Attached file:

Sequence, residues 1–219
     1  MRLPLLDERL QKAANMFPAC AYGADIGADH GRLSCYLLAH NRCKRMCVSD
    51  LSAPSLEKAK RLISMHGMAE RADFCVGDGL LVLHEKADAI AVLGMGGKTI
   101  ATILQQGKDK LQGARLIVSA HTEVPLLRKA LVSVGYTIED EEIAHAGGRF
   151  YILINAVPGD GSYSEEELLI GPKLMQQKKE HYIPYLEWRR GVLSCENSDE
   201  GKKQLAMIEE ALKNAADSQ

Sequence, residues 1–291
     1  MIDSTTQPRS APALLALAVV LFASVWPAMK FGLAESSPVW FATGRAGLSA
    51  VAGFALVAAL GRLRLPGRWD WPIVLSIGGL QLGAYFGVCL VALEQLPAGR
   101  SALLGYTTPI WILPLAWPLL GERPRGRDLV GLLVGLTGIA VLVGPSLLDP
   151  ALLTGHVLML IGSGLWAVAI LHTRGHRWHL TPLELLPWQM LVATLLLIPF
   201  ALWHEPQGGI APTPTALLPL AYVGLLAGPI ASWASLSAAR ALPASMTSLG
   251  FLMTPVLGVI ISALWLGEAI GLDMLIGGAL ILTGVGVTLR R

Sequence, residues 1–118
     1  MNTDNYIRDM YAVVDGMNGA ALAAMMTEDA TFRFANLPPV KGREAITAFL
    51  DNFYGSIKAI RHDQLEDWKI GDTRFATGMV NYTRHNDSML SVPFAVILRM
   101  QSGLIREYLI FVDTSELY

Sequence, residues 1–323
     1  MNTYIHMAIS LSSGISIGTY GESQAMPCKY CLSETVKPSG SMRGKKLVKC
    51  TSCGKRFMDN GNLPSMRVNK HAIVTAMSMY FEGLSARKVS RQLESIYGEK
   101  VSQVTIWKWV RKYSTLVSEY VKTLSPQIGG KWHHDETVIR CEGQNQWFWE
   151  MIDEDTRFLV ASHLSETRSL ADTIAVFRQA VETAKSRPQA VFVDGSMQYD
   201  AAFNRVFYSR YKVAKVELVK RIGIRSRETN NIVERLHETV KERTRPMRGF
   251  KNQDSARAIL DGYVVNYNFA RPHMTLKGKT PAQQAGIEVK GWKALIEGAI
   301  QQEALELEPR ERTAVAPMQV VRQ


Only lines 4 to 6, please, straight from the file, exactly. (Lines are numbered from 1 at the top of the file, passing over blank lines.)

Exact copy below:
   101  ATILQQGKDK LQGARLIVSA HTEVPLLRKA LVSVGYTIED EEIAHAGGRF
   151  YILINAVPGD GSYSEEELLI GPKLMQQKKE HYIPYLEWRR GVLSCENSDE
   201  GKKQLAMIEE ALKNAADSQ